"If I knew the answer, I'd have it," Leyland said. "But don't start quizzing me. I don't know."
Leyland wanted numbers behind the struggles, and what he found, he called "mind-boggling." All five of his current starters have dramatic splits between home and road. All-Star Justin Verlander is 6-2 with a 2.70 ERA at Comerica Park, but 5-3 with a 4.99 ERA everywhere else. Jeremy Bonderman owns a 3.63 ERA and .250 average against at home, but 6.11 and .288 on the road. Max Scherzer (3.80 ERA at home, 5.61 on the road), Armando Galarraga (2.57/7.78) and Rick Porcello (4.37/7.55) also have dramatic home-road splits.
"I've heard it all," Leyland said. "It can't be the ballparks. It has nothing to do with the ballparks. We haven't played in any bandboxes. Chicago is a little small, but we've only played a couple times there. It can't be the teams because we've played the Yankees and Boston at home and we pitched great."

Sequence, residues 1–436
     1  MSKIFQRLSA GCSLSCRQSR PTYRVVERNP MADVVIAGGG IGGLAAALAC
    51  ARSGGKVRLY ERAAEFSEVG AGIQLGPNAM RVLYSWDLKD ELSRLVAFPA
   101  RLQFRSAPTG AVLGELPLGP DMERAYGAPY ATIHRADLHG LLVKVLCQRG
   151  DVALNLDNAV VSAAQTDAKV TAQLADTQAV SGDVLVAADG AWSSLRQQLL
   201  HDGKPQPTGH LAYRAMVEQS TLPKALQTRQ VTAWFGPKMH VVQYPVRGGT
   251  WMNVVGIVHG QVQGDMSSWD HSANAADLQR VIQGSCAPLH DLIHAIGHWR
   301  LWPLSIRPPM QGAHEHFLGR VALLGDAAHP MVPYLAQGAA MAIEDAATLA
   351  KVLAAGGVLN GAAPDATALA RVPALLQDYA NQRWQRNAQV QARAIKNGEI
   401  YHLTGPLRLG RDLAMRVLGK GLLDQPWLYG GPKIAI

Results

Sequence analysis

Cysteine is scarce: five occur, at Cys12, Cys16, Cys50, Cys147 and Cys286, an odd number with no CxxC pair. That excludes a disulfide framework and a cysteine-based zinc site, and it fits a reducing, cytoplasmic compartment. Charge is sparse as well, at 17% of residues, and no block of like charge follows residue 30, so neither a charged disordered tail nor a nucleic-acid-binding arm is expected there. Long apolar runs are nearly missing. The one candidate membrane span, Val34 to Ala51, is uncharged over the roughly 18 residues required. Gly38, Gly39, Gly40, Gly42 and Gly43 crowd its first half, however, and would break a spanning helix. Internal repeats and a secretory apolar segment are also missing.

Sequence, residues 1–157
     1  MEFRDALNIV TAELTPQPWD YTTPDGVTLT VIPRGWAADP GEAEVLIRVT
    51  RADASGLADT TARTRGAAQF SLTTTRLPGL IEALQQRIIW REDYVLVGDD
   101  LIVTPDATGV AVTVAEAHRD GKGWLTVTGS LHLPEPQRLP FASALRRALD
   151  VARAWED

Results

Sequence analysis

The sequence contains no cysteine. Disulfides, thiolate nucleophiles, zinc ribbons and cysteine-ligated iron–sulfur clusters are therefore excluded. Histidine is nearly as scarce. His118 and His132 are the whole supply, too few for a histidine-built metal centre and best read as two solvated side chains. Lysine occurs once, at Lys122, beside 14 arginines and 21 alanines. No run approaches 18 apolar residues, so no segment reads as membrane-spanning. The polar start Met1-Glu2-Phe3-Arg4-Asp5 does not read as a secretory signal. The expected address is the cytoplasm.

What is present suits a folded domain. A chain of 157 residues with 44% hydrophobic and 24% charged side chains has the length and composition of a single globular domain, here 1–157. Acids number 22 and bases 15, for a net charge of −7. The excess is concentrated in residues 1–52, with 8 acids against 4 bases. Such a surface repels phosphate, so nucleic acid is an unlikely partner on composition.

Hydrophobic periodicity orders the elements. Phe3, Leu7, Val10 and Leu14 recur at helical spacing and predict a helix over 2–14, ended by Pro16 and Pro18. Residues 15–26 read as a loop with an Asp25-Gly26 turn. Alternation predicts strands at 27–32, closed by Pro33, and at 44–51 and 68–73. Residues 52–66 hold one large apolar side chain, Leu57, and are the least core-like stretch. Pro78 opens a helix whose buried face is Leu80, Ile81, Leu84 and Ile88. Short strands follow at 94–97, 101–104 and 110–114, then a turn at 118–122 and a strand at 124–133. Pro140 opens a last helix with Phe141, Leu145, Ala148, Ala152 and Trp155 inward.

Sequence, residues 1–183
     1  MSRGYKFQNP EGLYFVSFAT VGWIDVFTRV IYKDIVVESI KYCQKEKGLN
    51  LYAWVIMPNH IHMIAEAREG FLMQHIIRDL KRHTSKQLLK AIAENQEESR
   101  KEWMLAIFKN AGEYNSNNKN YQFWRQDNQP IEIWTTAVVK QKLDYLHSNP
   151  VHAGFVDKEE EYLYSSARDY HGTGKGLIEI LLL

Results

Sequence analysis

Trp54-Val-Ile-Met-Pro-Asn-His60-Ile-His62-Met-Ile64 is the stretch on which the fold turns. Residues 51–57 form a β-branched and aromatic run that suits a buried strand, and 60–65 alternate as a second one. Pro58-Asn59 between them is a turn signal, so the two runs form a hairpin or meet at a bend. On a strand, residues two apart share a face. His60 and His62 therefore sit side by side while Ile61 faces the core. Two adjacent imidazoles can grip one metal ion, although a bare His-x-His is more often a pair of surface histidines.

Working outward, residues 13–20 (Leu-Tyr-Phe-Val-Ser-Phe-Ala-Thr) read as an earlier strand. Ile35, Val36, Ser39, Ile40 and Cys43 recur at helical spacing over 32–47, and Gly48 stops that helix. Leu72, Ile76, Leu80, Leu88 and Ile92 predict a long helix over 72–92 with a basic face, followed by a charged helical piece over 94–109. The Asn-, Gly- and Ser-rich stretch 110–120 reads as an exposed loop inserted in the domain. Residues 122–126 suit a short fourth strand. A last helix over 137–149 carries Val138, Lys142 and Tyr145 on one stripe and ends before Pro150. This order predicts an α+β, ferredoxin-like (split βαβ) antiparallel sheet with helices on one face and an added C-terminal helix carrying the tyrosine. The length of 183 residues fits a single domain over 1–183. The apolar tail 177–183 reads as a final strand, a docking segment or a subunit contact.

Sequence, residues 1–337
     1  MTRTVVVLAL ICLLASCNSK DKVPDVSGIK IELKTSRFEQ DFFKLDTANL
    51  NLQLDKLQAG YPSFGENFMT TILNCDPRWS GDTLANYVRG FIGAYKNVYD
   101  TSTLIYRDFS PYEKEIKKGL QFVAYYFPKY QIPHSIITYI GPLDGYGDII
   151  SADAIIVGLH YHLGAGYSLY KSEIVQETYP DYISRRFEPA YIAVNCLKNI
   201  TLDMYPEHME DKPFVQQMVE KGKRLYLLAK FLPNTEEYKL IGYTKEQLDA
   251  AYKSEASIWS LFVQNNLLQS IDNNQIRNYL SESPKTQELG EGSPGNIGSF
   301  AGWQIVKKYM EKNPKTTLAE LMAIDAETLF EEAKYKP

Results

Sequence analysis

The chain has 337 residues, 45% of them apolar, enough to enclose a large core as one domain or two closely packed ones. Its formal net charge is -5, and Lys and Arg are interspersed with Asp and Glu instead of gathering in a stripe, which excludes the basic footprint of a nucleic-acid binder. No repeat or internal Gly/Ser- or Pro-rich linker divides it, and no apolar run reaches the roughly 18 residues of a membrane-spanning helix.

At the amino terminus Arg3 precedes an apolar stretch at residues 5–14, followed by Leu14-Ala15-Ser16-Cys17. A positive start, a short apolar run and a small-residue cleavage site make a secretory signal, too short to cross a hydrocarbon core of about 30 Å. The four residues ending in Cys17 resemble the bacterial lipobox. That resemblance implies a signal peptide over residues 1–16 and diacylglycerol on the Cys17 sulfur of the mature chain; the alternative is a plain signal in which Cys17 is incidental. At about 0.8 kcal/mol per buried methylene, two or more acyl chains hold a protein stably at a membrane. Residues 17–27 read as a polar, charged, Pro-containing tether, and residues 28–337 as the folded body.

As a team, the Tigers have a 3.53 ERA, better than the big league average of 3.85. Their 5.22 road ERA, however, is well worse than the league average of 4.59.
Offensively, the stats are a mixed bag. Rookie of the Year candidate Brennan Boesch entered Tuesday batting .375 on the road compared with .285 at home. Brandon Inge hits .310 away from Detroit compared with .209 in the Motor City. Magglio Ordonez bats .333 at home, .277 on the road. However, the splits for Miguel Cabrera, Austin Jackson, Carlos Guillen and Ramon Santiago are stronger away from Comerica Park -- in Santiago's case, a .321 average compared with .207.
As a team, though, the Tigers hit .261, six points above the Major League average. They're just not translating the hits into many runs, scoring 53 fewer on the road than at home despite the same number of games entering Monday. That averages out to a full run less per game.
"The one puzzling thing to me has been the entire rotation on the road. It's mind-boggling to me. That's the only issue."